Undoubtedly, well-organised training activities facilitate effective decision-making and development of strong problem-solving and leadership skills; it engenders loyalty, improvements in attitudes, workforce motivation, reduction in cost of operations through waste minimisation and improved work-quality and productivity.
Since training tends to broaden employees’ knowledge and increases skills-acquisition, the quantum of money required for external consulting is reduced; competent and reliable consultants within the organisation create less room for doubts; and minimise the need for services of external consultants.
In large institutions, continuous demand for the services of external consultants may be more pronounced in areas or departments that are still at the nascent stage, in terms of development and growth. Well-rehearsed training regimen enables the workforce to adapt to organisational changes, handle conflicts tactfully, leading to ease of tension and relieve of stress, among other qualitative and intangible benefits.
Essence of Training Professionals’ Goals
The success of training programmes is usually pivoted around the effectiveness of managers or professionals in-charge of the training. Generally, good managers establish goals to assure the resounding success of their respective organisations; and training professionals are no exception. Strategic thinking and decision are required by training professionals to ensure safe execution of planned training activities.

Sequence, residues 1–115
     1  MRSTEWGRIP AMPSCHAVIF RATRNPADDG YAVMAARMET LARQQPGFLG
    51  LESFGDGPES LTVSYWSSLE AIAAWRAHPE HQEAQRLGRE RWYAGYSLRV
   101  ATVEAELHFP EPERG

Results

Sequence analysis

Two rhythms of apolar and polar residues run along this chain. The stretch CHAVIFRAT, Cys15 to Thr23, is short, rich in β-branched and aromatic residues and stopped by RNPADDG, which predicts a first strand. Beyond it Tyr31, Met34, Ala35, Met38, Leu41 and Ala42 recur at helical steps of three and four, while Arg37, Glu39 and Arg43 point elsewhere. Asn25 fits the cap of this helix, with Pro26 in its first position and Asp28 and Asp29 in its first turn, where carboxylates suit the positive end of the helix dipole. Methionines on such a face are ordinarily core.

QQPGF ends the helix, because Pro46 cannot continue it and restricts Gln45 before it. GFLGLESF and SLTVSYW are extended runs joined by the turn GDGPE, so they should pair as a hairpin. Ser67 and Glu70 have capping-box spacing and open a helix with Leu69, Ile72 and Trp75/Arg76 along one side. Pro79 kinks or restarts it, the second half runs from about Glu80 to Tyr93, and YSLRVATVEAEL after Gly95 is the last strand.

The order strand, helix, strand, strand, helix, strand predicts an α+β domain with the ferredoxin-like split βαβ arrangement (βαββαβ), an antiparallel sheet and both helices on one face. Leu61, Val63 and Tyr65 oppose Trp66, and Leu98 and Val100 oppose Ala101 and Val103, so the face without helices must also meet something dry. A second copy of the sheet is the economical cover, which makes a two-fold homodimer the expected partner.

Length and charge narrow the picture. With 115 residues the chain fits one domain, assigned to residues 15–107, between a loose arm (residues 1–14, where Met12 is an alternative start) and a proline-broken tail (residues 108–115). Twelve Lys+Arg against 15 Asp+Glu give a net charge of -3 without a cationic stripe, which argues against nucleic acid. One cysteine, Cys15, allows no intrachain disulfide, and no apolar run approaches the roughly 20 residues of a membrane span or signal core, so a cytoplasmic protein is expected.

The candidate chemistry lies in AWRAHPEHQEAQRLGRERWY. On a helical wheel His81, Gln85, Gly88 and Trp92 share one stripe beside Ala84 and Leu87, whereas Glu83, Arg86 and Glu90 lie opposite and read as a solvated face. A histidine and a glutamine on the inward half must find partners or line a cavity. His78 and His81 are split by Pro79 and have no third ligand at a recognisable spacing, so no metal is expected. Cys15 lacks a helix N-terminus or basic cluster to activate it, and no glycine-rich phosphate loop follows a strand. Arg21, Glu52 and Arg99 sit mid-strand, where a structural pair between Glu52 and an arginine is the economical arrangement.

To assure impart of knowledge, skill and technique from training professionals to the workforce, the former are expected to set goals that are specific, measurable, attainable, realistic and time-constrained. The acronym for these goals is SMART. Consistent with line managers in various organisations, training professionals are envisaged to set SMART goals to guide their planned programmes to logical and successful completion.
Focusing on SMART goals creates the needed environment for training managers to develop materials and programmes that meet the expectations of the workforce; allows the workforce to learn novel skills and techniques; facilitates transfer and retention of knowledge; and enables trainees to make significant impacts on the implied institutions. The foregoing suggests, in the absence of SMART goals, it may be pretty difficult for implemented training curricula to result in the achievement of desired outcomes.
Goals established by training professionals are preceded by a statement of purpose. Training professionals establish goals to ensure certain underlying objectives are clearly articulated to participants and other key stakeholders. The statement of purpose indicates the problem intended to be addressed by the training professional. It further asserts identified ways to resolve the problem; and how the training outcomes would be measured to determine significance of the training session on participants or the workforce.